How to stay awake after getting no sleep

October 7, 2020 4 mins read
How to stay awake after getting no sleep

Chances are if you’re a student, a new parent, or juggling late-night shifts, you’ve Googled how to stay awake. (And probably more than once).

When you don’t get enough sleep, your brain goes through withdrawal symptoms. Studies show that the prefrontal cortex, a region in the brain, receives less blood flow than usual. This translates as foggy thinking, irritability, sluggishness and forgetfulness.

The good news is that there are ways to stay awake after a sleepless night. So, while you eye the coffee machine, let’s explore.

How to stay awake during the day

Coffee will help, but it’s not the only way to keep your eyes open. We’ve listed a few activities that will help keep the sleepiness at bay – and get you feeling energised and alert. (Just in time for your meeting, next class or bottle feed).

Get some fresh air

The simple act of breathing in the fresh air will increase the flow of oxygen to your lungs and more blood flow to your brain. This will help with your sluggishness and improve your concentration, so get as much fresh air as you can!

Go for a walk

This has the same benefit as fresh air except here you’ll be doing something a bit more energetic. Light stretching and moving around helps to trigger the release of feel-good hormones equating to a sense of wellbeing and renewed energy.

Drink some caffeine

This is best done first thing in the morning to give your body a quick and longer-lasting boost, so cosy up with a cup of the good stuff. And if you’re wondering why caffeine is the go-to remedy to help you stay awake, that’s because it’s a stimulant which acts on the nervous system, sending signals to the brain to remain alert.

Drink lots of water

Staying hydrated increases the flow of oxygen to the brain and organs while stabilising your heart rate. When you don’t have your fill of water, you feel tired and fatigued as your heart works harder to pump oxygen throughout your body.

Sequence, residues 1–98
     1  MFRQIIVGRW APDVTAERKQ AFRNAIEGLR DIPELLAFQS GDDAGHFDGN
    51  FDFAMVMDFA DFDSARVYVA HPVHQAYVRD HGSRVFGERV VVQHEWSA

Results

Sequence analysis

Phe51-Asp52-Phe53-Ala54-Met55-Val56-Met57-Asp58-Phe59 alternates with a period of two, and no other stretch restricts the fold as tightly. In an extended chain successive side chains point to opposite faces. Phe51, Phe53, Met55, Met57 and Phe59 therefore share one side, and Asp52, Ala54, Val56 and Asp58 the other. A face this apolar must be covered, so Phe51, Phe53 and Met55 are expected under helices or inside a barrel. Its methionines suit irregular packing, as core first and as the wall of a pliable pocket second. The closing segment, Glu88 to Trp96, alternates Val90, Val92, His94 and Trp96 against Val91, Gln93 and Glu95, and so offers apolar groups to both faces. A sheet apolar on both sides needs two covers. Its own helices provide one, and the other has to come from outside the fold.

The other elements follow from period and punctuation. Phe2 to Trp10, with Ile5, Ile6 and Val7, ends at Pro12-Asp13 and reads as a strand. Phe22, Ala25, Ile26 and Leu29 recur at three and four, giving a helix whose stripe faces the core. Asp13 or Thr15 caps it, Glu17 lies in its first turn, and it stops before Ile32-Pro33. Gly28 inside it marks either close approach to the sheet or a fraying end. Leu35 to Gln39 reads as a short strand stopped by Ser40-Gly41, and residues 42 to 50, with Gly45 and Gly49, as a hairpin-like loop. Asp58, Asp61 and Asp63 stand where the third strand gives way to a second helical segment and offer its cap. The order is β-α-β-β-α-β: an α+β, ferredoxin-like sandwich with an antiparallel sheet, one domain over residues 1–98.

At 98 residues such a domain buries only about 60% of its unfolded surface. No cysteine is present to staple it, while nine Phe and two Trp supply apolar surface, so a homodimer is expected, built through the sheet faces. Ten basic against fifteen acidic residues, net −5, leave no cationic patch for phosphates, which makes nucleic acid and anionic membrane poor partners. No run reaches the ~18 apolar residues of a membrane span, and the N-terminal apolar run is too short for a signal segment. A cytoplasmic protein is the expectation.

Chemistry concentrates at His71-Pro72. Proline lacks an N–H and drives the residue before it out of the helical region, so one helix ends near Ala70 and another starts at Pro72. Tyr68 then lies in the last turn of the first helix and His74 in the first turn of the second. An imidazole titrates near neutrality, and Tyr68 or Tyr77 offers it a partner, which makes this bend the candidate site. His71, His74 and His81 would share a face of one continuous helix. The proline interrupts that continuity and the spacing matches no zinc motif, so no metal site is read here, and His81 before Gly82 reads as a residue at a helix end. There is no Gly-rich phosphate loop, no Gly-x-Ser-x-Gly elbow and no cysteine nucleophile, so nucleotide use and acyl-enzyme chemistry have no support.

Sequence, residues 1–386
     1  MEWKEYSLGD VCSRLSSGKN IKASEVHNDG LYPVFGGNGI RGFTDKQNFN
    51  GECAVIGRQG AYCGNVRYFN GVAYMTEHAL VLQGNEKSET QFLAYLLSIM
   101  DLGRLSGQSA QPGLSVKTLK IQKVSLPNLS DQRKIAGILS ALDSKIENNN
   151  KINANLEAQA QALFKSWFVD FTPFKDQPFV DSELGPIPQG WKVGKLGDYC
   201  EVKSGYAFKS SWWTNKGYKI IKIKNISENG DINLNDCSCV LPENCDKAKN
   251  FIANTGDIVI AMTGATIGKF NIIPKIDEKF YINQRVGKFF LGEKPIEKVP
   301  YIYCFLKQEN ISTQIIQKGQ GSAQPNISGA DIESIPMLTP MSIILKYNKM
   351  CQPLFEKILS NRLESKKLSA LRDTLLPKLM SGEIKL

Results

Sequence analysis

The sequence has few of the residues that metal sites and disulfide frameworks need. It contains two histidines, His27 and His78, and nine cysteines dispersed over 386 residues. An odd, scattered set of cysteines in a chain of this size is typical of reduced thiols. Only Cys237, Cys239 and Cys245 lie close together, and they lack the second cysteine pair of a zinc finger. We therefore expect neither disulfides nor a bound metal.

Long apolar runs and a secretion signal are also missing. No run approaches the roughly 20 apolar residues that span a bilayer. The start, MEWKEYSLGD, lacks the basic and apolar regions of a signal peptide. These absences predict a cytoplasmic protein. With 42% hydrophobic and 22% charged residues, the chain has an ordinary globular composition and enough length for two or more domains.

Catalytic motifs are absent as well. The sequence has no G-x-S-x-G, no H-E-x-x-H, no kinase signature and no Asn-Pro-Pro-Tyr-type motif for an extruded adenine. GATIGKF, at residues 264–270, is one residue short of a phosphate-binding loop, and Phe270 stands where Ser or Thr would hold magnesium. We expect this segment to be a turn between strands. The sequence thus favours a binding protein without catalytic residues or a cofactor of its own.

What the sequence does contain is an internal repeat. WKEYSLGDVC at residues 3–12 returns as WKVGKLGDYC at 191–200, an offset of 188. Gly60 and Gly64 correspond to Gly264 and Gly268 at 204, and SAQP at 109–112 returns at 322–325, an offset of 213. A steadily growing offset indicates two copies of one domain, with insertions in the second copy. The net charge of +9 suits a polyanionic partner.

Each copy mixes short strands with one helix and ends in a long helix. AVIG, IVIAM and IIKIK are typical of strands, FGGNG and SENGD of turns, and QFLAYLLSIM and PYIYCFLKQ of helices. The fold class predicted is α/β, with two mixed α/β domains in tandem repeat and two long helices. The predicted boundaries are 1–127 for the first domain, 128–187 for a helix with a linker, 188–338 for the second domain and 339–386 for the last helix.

Daylight exposure

Ever heard of the body clock? It’s an internal, natural rhythm that our bodies use to signal to us when it’s time to wake and to sleep. Your body clock takes its cues from nature, so be sure to get as much natural sunlight as you can (preferably as early as you can) to help you stay awake.

How to stay awake all night

Sometimes pulling an all-nighter is unavoidable, especially if you have a test to crack or an urgent work assignment to submit. So to stay awake all night, you can follow some tried and tested methods to beat the night blues.

Take a nap during the day

Set aside at least 15 minutes of your day to take a quick snooze. A power nap will recharge your mind, sharpen your focus and reignite your spark so that you can face the night ahead.

Keep busy

While it might seem like you should be saving all your energy for the night, you’ll actually be doing yourself a great disservice. Doing nothing can make you feel tired as your body and mind go into a state of rest, making you feel lazy. Rather keep busy; walk the dog, send some emails, or go for a drive to keep your energy levels elevated.

Create a light environment

If you’re on a mini-sprint to stay awake for 48 hours, then being in a light environment will help. The more light your body is exposed to, the higher the chances of you staying awake. Light affects your body clock, fooling it into staying awake and alert.

Is no sleep better than a few hours?

The short answer is no. A full sleep cycle takes 90 minutes, during which your body and mind go through 5 stages of sleep. If you are in a position to get a couple of hours of rest in, by all means, go for it. Not getting any sleep will make you feel sleep-deprived, and getting through the day will be even tougher. So rather squeeze in some z’s to aid your mission of staying awake.

Long-term effects of sleepless nights

If going without sleep becomes a regular thing for you, then be warned it could lead to a host of negative short- and long-term side effects. We’re talking a weaker immune system, weight gain, impaired judgement, loss of motivation, and anxiety or depression.

And while it might be tempting to go without sleep anyway and make up for it later, your body will eventually feel the brunt of going back and forth between a full night’s rest and no sleep. So if you can help it, give yourself the recommended 7-9 hours of rest for your body to rejuvenate, heal and repair itself.